Source: http://ivanhoff.com/Psychological and technical factors can swamp fundamentals. In the long run, value creation and destruction are driven by fundamentals such as economic trends, companies’ earnings, demand for products and the skillfulness of managements. But in the short run, markets are highly responsive to investor psychology and the technical factors that influence the supply and demand for assets. In fact, I think confidence matters more than anything else in the short run. Anything can happen in this regard, with results that are both unpredictable and irrational.
Saturday, 7 March 2015
The stock market is bipolar creature, driven by sentiment and irrational expectations. One day, it is an ingenious forward-looking mechanism that anticipates and discounts future events beautifully. Another day, it is a stubborn schizophrenic that can’t see further than its nose.
Markets constantly overreact to both, identified risks and opportunities. It is in the nature of financial markets to exaggerate, to magnify. This is why they are not always discounting the future. Sometimes, they are correcting previously incorrect view. Sometimes, they just go bonkers and send prices to levels that cannot possibly be justified by any future scenario. Boys will be boys. Markets will be markets. They’ll fluctuate violently, up and down and to levels that will seem incomprehensible to many. Indexing, robo-advising and social media won’t change that. The Internet might have made people smarter; but it hasn’t made financial markets more efficient. You could complain and whine about financial markets’ irrationality or you could find a way to take advantage of it. Or don’t. It’s your choice.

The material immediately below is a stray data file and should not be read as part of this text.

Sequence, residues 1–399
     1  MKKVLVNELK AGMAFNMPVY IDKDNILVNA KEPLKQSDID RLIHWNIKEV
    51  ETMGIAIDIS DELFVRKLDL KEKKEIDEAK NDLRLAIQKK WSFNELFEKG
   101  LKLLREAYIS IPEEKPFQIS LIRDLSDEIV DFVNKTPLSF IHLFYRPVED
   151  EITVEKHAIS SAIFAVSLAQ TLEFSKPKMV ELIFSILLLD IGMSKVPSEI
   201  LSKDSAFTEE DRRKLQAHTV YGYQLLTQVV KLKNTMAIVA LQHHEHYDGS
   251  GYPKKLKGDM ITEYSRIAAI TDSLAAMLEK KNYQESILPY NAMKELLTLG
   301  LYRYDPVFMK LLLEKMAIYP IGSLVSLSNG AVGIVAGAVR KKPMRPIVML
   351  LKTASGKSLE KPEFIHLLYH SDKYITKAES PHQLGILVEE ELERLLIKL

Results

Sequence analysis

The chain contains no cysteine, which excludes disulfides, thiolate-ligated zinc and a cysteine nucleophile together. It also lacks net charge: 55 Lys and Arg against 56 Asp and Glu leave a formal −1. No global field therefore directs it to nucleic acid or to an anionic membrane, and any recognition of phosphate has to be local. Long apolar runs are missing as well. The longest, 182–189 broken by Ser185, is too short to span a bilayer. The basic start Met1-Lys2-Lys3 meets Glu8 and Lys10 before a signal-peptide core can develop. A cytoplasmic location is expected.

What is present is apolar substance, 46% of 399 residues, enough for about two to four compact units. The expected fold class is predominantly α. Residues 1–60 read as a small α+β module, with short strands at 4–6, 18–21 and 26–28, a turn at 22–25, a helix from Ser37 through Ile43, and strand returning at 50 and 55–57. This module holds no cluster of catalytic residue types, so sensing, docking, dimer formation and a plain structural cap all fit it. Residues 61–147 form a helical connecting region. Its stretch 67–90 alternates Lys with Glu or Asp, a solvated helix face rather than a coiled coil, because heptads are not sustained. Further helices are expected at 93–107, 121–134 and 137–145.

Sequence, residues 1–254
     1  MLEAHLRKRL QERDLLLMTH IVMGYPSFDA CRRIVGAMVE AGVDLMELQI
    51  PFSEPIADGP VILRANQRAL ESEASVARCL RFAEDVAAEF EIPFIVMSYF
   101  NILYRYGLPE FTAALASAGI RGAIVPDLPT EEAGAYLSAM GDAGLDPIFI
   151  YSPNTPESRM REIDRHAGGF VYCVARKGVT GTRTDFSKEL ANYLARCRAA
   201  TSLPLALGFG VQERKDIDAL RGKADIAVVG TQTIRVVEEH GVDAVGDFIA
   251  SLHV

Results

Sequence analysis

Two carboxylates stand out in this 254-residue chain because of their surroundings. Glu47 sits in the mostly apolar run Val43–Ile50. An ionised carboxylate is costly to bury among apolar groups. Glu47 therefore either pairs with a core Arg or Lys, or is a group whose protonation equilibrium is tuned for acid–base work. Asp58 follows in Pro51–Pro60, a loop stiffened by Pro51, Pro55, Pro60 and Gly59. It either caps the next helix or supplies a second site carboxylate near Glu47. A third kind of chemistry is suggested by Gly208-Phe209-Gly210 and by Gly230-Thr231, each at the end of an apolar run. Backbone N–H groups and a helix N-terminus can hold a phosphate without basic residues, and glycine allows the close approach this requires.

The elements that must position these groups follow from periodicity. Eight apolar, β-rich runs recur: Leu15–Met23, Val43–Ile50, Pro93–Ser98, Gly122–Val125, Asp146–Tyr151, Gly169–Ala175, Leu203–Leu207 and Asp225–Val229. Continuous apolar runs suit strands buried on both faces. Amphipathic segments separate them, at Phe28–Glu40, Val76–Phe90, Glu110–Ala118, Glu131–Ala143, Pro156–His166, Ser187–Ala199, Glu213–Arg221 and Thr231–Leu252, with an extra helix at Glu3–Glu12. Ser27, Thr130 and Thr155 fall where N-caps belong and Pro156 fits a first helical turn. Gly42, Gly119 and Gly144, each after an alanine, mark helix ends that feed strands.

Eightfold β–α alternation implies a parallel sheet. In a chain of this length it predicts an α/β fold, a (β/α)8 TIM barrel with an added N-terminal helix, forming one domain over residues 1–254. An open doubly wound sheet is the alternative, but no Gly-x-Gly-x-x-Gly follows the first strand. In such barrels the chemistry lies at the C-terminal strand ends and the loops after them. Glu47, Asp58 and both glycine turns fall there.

If you understand people’s incentives, you are very likely to predict correctly their future behavior and sometimes even influence it. Most incentives have expiration date. What is important today, might not be as important tomorrow. This applies perfectly to life, but not always in financial markets that live in their own world. Incentives require the existence of rationality. We have already made the point that more often than not, markets are not rational, but emotional, at least in a short-term perspective. As Howard Marks eloquently puts it:
“Good traders know that opportunistic speculation is a process. Ignore any one single outcome, focus on the methodology that can consistently avoid catastrophic losses, manage risk, preserve capital. A good process can be replicated, a random spin of the wheel cannot.” - Barry Ritholtz